Guisepi This is the story of how the American Republic developed from colonial beginnings in the 16th century, when the first European explorers arrived, until modern times. At the same time, the population and the economy of the United States grew and changed dramatically. The population diversified as immigrants arrived from all countries of the world.
Pre-Colonial era[ edit ] Prior to the arrival of Europeans in North America, the continent supported a diverse range of indigenous cultures. While some populations were primarily hunter-gatherersother populations relied on agriculture.
To fertilize this crop, they used small fish which they called herrings or shads. Cotton became a major plantation crop after in the " Black Belt ," that is the region from North Carolina in an arc through Texas where the climate allowed for cotton cultivation.
The "Black Belt" was originally named after the black soil; but came to refer to the high percentage of African-Americans working as slaves in the area. Apart from the tobacco and rice plantations, the great majority of farms were subsistence, producing food for the family and some for trade and taxes.
Throughout the colonial period, subsistence farming was pervasive. Farmers supplemented their income with sales of surplus crops or animals in the local market, or by exports to the slave colonies in the West Indies. Logging, hunting and fishing supplemented the family economy.
German Americans brought with them practices and traditions that were quite different from those of the English and Scots. They adapted Old World techniques to a much more abundant land supply. Furthermore, the Germans showed a long-term tendency to keep the farm in the family and to avoid having their children move to towns.
The Scots Irish built their livelihoods on some farming but more herding of hogs and cattle. In the American colonies, the Scots-Irish focused on mixed farming. Using this technique, they grew corn for human consumption and for livestock feed, especially for hogs.
Many improvement-minded farmers of different backgrounds began using new agricultural practices to increase their output. During the s, these agricultural innovators replaced the hand sickles and scythes used to harvest hay, wheat, and barley with the cradle scythe, a tool with wooden fingers that arranged the stalks of grain for easy collection.
This tool was able to triple the amount of work done by a farmer in one day. A few scientifically informed farmers mostly wealthy planters like George Washington began fertilizing their fields with dung and lime and rotating their crops to keep the soil fertile.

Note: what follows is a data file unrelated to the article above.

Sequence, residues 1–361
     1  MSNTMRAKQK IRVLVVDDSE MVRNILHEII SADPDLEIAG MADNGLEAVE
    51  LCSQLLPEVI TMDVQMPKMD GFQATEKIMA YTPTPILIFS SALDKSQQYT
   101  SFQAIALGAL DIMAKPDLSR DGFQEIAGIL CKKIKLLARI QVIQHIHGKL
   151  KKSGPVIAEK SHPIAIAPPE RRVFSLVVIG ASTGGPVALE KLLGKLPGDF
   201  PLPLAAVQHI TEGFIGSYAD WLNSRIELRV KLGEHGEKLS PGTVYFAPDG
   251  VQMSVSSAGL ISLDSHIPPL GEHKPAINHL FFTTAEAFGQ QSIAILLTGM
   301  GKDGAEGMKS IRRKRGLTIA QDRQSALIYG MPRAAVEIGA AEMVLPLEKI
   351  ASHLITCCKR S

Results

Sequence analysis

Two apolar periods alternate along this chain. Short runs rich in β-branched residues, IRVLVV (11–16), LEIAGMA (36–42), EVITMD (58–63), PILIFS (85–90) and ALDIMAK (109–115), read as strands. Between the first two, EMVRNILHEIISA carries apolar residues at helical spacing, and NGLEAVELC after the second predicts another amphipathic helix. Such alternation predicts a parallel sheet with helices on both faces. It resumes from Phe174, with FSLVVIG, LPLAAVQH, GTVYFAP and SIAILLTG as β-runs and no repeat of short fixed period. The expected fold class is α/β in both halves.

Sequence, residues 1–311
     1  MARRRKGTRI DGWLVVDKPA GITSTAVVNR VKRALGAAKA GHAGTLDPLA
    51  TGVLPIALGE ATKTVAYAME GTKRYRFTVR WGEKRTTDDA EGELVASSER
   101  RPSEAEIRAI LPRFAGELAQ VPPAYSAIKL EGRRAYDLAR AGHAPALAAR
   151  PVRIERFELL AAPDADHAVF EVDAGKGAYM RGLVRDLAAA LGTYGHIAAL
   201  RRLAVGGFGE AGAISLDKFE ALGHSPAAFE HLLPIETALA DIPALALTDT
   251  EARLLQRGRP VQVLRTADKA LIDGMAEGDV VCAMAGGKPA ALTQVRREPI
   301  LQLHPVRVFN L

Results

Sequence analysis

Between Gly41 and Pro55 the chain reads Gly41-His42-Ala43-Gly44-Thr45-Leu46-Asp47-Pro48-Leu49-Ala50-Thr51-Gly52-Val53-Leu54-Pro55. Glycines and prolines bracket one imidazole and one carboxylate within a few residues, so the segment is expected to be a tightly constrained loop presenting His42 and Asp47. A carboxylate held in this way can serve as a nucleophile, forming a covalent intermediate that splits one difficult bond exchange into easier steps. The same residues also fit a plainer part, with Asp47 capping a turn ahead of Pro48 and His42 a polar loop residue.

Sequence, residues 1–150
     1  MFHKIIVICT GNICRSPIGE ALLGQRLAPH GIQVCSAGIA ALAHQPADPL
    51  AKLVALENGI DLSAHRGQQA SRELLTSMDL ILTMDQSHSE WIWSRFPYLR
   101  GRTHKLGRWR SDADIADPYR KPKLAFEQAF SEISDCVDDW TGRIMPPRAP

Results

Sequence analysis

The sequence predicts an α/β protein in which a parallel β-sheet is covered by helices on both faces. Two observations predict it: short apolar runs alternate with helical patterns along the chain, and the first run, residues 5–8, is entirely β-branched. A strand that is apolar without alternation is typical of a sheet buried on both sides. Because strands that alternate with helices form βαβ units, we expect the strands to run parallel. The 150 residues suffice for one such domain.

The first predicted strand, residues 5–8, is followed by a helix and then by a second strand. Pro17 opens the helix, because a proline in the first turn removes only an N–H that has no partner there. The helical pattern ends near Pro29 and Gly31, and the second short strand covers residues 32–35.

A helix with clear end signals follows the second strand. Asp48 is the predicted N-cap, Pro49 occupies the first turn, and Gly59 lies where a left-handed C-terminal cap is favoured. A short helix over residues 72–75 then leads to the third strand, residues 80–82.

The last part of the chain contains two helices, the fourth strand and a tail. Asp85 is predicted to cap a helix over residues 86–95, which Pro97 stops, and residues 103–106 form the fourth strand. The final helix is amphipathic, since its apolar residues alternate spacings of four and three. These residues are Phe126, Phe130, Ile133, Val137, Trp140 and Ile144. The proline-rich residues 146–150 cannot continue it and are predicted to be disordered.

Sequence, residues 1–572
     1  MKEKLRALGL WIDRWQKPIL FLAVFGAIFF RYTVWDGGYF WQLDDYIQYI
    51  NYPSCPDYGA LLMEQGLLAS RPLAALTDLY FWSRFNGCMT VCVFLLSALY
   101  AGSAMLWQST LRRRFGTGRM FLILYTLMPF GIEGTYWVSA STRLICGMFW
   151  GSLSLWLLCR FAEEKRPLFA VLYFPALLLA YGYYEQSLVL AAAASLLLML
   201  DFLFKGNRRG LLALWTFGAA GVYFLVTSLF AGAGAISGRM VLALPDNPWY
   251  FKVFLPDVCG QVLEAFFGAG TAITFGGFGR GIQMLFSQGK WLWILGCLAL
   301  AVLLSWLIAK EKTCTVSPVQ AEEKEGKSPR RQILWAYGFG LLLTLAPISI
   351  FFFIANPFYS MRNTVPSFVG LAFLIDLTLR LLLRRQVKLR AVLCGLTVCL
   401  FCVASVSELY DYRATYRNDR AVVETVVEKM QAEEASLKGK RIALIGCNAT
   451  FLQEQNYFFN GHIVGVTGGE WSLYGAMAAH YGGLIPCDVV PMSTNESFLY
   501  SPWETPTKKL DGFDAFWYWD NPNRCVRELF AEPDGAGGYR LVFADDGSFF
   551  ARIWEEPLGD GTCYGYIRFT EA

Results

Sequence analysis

Beforemost colonists in the mid-Atlantic region worked in small-scale farming and paid for imported manufactures by supplying the West Indies with corn and flour. In New York, a fur-pelt export trade to Europe flourished and added additional wealth to the region.
Aftermid-Atlantic farming was stimulated by the international demand for wheat. A massive population explosion in Europe drove wheat prices up. Bya bushel of wheat cost twice as much as it did in Many poor German immigrants and Scots-Irish settlers began their careers as agricultural wage laborers.page2.
page3. page4. page5. page6. page7. page8. page9. Message Board. Weekly Poll: The United States Of America. Various Authors. Edited By: R. A.
Guisepi. This is the story of how the American Republic developed from colonial beginnings in the 16th century, when the first European explorers arrived, until modern times.
United States, officially United States of America, abbreviated U.S. or U.S.A., byname America, country in North America, a federal republic of 50 states.
Besides the 48 conterminous states that occupy the middle latitudes of the continent, the United States includes the state of Alaska, at the northwestern extreme of North America, and the island state of Hawaii, in the mid-Pacific Ocean.
United States History I. Introduction United States History, story of how the republic developed from colonial beginnings in the 16th century, when the first European explorers arrived, until modern times.
Brian Greenberg is the Jules Plangere, Jr. Chair in American Social History at Monmouth University, West Long Branch, NJ.. Richard A. Greenwald is associate professor of history and director of the Business, Society, and Culture Program at Drew University, Madison, NJ, and an associate editor at the journal Enterprise & Society..
Gordon Reavley is a tutor in art history and critical theory at. Year Events Era Country State Subject; (ca.) BCE: Evidence suggests that African travelers may have come to the Americas before Europeans.
One indication is the great stone carvings of the Olmec era in Mexico, bearing African facial features. page2. page3.
page6. page7. page8. page9. Message Board. Weekly Poll: The United States Of America. Various Authors. Edited By: R. A. Guisepi. This is the story of how the American Republic developed from colonial beginnings in the 16th century, when the first European explorers arrived, until modern times.